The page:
Ever been ‘caught out’ and no toilet available?

By the GottaGo Core Team

Whether at the park with the kids, out for a bike ride or waiting for a bus, that moment has happened to most of us. If you have special health needs, it can happen far too often.

When people “gotta go,” if there are no toilets, even the most fastidious will have to take advantage of alleys, stairwells and bushes as emergency bathrooms. It is not a choice anyone wants to make.

The GottaGo! Campaign advocates for a network of easy-to-find, safe, accessible public toilets for persons of all abilities. This includes public toilets in parks, major transit stops and key public places to meet the needs of the million Ottawa residents and the 10 million tourists annually. Accessible toilets are an important public health issue and a key to sustainable cities.

GottaGo! came together in November 2013. Over the past seven years, our entirely volunteer effort has urged city councillors to include toilets in the city budget, successfully lobbied for toilets in the two node stations of the new LRT and port-a-potties in some splash pads and sports fields (for summer months), met with numerous community groups, participated in local events and conducted media events.

Although Ottawa does have public restrooms in larger parks, their hours do not fill the need. Small parks, rinks and splash pads often have no washroom facilities at all. In the downtown, where bars and restaurants are located, residents complain about people urinating after-hours in laneways and buildings, and some restaurant and bar owners fret about non-paying customers using their washrooms (though, to be fair, some have become more relaxed). The current situation is unacceptable in a large city, especially when it’s our capital.

Indeed, the city’s ottpee.ca listing of 174 public toilets includes 62 that are only open during the late spring to early fall, and lord help those who have to empty their bladders on the Sabbath during the off-peak season. Of the remaining 112 toilets, 48 are closed Sundays, while many others are open only certain hours.

Internationally, Ottawa is way behind the times. Japan and Korea lead the world in public toilet provision, while numerous cities in Europe have good, easy-to-find public toilets. Canadian municipalities such as Vancouver, Nanaimo and Edmonton have taken initiatives to match these examples. While Montreal is building a dozen public toilets along high-traffic sidewalks, Ottawa has no such plans for pedestrians.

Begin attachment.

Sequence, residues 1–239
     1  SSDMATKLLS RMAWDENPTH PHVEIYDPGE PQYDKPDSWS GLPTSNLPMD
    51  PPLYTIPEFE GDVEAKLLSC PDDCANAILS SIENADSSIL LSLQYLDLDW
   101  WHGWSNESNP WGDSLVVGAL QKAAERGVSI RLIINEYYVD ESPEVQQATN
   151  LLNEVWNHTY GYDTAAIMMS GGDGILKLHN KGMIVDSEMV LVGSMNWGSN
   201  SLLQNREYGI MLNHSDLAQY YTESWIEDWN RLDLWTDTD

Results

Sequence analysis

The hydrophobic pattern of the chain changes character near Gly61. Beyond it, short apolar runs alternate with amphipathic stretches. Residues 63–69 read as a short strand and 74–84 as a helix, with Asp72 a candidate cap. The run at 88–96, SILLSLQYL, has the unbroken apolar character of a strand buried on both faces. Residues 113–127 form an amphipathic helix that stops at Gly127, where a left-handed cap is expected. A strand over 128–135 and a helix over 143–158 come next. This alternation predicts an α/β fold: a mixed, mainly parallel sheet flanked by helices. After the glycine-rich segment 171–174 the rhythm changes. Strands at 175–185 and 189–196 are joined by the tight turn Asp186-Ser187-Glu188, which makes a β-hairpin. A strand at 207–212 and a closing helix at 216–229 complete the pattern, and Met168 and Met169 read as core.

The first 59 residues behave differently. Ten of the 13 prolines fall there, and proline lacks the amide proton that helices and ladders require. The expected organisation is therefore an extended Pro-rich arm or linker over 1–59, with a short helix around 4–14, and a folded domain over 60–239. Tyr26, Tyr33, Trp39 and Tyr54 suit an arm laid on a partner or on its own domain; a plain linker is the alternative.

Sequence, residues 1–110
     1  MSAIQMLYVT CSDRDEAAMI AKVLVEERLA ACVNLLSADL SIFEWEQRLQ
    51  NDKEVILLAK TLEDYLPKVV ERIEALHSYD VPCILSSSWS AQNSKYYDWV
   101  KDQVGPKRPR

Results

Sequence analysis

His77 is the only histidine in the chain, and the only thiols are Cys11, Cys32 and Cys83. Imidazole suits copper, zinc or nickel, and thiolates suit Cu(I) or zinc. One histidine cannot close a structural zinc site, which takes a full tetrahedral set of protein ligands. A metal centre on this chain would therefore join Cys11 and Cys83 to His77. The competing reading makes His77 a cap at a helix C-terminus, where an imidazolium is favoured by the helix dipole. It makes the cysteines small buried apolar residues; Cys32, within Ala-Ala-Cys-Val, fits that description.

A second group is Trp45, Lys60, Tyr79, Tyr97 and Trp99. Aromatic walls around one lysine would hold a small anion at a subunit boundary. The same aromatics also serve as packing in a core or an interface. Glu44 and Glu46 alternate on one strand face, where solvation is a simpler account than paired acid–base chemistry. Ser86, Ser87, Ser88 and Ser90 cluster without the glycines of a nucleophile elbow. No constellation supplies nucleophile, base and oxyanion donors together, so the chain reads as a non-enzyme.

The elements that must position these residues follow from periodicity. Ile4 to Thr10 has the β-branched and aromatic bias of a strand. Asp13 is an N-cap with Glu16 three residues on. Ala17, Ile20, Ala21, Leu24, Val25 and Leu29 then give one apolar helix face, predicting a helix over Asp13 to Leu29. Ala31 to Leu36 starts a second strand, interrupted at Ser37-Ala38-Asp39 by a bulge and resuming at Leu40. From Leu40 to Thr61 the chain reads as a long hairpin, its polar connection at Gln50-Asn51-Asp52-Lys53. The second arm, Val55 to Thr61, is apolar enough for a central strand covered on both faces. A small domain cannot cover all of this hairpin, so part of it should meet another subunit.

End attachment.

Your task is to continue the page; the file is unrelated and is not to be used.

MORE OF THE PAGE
Our current efforts focus on signage. There are some public toilets in the city, but they are hard to find, as there are zero street-level signs indicating their locations. Maps produced by Ottawa Tourism indicate there are at least 17 downtown public toilets in buildings such as the National Gallery of Canada, the National Arts Centre, Bytown Market and City Hall, yet not one of these locations are marked with street-level signs. How can our 10 million visitors easily find a public toilet?

Putting up a dozen or so street-level signs would be a cost-effective way to let the public know where the toilets are located (estimate $3,000). The City and Tourism Ottawa say they are working on this, but so far there have been no results.

What to do?

We propose that the City of Ottawa and National Capital Commission:

  • install public toilets and water fountains at all major LRT and bus stations;
  • invest in signage, maintenance and improvements for existing public toilets to bring them to a higher standard;
  • provide incentives to private businesses in key locations in exchange for providing accessible toilets and signage;
  • add at least one 24/7 accessible facility to public buildings in high-traffic areas;
  • invest in some adult changing stations for adults with severe disabilities; and
  • require new developments in key areas to provide unisex, accessible washrooms.

What you can do

  • Contact your city councillor (and the mayor) by phone, email or letter and advocate for a network of public toilets
  • Advocate for port-a-potties in sports fields and splash pads (seasonally)
  • Like us on Facebook: GottaGo Campaign Ottawa
  • Tell others about our campaign
  • Join our team (we have short-term and longer-term tasks)
  • Join the GoHere decal campaign (co-sponsored by GottaGo, The Crohn’s and Colitis Foundation and the MS Society). crohnsandcolitis.ca/Support-for-You/GoHere-Washroom-Access
  • Ask us to share our ideas with your company or organization

Contact us at gottagocampaign@gmail.com; website: www.ottawapublictoilets.ca.

“Never doubt that a small group of thoughtful, committed citizens can change the world. Indeed, it is the only thing that ever has.” (Margaret Mead)

The GottaGo core team is Bessa Whitmore, Alan Etherington, Kristina Ropke, Eric McCabe, Nick Aplin and Zeinab Mohammed.

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